You are here

Dior leads Paris fashion on a dance as Gucci goes for gags

doc721mqj21szb130xyf1zx_doc721f3rvubypjatp07n2.jpg
The Palace as guests arrive to attend the Spring/Summer 2019 women's ready-to-wear collection show for fashion house Gucci during Paris Fashion Week in France, on Sept 24, 2018.

[PARIS] Dior led Paris fashion week on a sensual dance Monday with a spectacular show woven around a new modern dance piece by choregrapher Sharon Eyal to kick off the nine-day extravaganza.

Icily restrained models brushed past writhing dancers in a performance specially created by the acclaimed Israeli in a fog of mist and falling paper petals.

Designer Maria Grazia Chiuri told AFP that using dance was "an act of liberation" to break free from the catwalk corset.

Gucci -- which quit Milan for the French capital to show its spring summer collection -- later got in on the act by taking over a Paris theatre and having singer Jane Birkin, her back turned to most of the audience, sing her 1983 hit "Baby Alone in Babylone".

sentifi.com

Market voices on:

With K-pop superstar Kai mobbed outside by fans, Gucci's designer Alessandro Michele served up an extra large helping of the oddball 1970s kitsch which has made him such a hit with millennials.

Mickey Mouse manbags, wacky Y-fronts, sleeping mask shades, underpants on the outside of slacks and medallions as big as mayoral chains are only a taster of some of the wacky new looks fashion's jester-in-chief pulled from his wide-brimmed hat.

- Gucci's jokey bad taste -

His playful, luxuriant bad taste could not be further from Chiuri's earnest elegance.

Chiuri said she wanted to replicate dance's "naturalness... but also its discipline" in a striking collection full of flesh tones and nifty headwear.

Pirouetting deftly from Martha Graham-style robes fit for Greek goddesses to elongated tutus and hip-hop tank tops, the Italian blurred the lines between ready-to-wear and haute couture.

Chiuri, a committed feminist and the first woman to lead the fabled French house, said the show was "about liberty. Clothes are tied to the body and are very personal."

And she insisted that like each dancer, every look was individual. "There are none of the sequences (of looks) you usually get in fashion shows, each look is for each model."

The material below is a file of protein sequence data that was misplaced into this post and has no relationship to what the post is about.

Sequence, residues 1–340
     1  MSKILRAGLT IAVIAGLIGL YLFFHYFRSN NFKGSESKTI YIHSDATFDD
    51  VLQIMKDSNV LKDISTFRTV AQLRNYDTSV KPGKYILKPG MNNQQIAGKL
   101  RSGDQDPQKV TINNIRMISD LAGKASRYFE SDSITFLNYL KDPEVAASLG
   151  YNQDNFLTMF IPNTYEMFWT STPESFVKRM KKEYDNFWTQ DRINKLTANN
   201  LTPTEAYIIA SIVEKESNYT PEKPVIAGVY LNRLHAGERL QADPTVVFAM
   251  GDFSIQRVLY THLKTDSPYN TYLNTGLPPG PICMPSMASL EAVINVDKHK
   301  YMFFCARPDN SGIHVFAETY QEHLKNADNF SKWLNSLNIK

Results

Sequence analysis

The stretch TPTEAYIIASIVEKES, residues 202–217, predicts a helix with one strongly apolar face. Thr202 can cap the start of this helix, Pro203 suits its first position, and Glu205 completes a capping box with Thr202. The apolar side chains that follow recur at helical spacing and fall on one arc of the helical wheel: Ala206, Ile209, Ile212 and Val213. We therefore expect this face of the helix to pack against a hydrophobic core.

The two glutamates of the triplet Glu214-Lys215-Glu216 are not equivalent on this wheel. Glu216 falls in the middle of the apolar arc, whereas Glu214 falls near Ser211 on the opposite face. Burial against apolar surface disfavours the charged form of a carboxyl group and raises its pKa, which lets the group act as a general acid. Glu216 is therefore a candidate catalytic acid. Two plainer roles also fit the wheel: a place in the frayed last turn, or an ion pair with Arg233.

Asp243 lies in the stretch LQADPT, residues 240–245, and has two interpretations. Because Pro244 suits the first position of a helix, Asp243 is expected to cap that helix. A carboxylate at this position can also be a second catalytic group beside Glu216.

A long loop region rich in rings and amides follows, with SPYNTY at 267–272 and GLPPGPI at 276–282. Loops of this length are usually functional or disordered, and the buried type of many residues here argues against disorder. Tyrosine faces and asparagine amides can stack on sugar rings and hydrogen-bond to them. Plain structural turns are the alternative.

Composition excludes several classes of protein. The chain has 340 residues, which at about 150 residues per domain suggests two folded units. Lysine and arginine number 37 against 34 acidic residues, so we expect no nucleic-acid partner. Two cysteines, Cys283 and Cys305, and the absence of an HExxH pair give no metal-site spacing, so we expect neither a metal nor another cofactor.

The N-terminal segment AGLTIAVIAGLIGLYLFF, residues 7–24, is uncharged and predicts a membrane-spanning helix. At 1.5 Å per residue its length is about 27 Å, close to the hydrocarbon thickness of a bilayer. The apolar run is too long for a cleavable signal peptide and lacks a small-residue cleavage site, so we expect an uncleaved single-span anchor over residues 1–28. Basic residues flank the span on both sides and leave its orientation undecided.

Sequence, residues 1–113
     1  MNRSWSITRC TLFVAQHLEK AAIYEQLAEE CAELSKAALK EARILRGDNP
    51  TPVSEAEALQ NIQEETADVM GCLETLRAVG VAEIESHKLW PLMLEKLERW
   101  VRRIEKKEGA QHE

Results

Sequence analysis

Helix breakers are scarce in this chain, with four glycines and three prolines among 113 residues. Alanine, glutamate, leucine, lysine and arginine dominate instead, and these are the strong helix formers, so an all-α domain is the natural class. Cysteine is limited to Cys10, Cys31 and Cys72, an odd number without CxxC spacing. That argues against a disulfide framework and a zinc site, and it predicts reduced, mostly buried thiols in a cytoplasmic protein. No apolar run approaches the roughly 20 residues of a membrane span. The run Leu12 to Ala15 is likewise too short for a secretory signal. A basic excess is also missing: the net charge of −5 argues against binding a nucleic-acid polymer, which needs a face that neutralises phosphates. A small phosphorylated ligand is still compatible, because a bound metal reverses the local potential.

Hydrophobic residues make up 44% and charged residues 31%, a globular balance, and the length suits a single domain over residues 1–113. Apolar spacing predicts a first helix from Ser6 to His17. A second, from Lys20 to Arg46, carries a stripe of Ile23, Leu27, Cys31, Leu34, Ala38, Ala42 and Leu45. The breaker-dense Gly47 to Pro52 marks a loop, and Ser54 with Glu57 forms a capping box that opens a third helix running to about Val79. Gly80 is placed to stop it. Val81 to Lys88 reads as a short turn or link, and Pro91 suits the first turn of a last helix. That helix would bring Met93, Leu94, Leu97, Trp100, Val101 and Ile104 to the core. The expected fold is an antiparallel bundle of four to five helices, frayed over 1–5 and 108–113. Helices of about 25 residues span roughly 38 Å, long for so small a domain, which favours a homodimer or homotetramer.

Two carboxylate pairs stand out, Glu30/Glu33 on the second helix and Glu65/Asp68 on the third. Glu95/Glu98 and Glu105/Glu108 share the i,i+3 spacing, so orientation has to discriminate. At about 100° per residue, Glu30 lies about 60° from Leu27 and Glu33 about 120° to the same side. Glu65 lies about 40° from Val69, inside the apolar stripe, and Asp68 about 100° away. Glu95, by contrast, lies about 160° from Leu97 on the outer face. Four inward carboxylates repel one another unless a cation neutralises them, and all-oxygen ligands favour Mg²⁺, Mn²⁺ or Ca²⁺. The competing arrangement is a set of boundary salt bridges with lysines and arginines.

Channelling the ghosts of dance greats like Isadora Duncan and Pina Bausch, Chiuri said she was trying to capture the "powerful explosion of the female imagination".

The show -- in a specially built auditorium at the Longchamps race course on the edge of Paris -- was a hymn to the carnal and the fleshily human, she told AFP.

"These days everything seems virtual but we do things by hand in our workshops. All the floral printing, the tye dye is done by hand, it's couture, it's not industrial."

- Misted up Instagram queens -

With all the billowing dry ice, the designer also wanted to frustrate the front row Instagram queens who spend their time snapping the shows rather than looking at the clothes.

"People miss the moment because they are spending their time taking photos with their phones. I wanted them to experience a show differently... to feel it," she added.

"It is dance and a fashion show, it is not a traditional catwalk experience at all."

Even so Chiuri -- who is known for her sharp eye for accessories -- appeared to have hit the social media bullseye with her skin-tone square front-window sun glasses and "CD" (for Christian Dior) belt buckles that were being shared on Instagram within minutes.

- Beret nice -

The designer began with typically austere and ethereal monochrome black and white tulle dresses before sending out a shimmering run of skin-tone looks followed by muted greens, greys, ivory and navy blues.

Fishnet and embroidered dresses and tights ran through a sizeable slice of the collection that was as also strong on classily muted florals, tye dye and restrained ethnic edging.

The woman who has helped make the French beret hip again created a new feather-light version for spring and summer as well as more tight-fitting skull caps with British hat designer Stephen Jones, also wrapping her models heads in two rounds of taupe-coloured ribbon.

Chiuri finished by giving the classic 1950s New Look Dior fitted jacket a radical chic upgrade, matching it with combat trousers and even bleached denim trousers.

The Dior designer was not the only Italian star on Monday.

Gucci's decision to show in Paris rather than in Milan base hammered home yet again how utterly dominant the French capital has become in the last few years.

Young French debutant Simon Porte Jacquemus also turned heads with a breeze collection of barely there beach chic dresses for those with the most beautiful of bodies to show off.

Those that don't took consolation in his tiny handbags, huge earrings and equally enormous shoulder bags.

AFP

Powered by GET.comGetCom